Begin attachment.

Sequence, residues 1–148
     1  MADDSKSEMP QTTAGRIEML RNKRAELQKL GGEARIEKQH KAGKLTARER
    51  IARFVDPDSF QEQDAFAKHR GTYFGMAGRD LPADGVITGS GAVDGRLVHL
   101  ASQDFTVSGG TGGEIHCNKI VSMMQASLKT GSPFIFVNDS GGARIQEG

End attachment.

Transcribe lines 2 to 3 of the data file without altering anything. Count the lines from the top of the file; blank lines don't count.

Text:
     1  MADDSKSEMP QTTAGRIEML RNKRAELQKL GGEARIEKQH KAGKLTARER
    51  IARFVDPDSF QEQDAFAKHR GTYFGMAGRD LPADGVITGS GAVDGRLVHL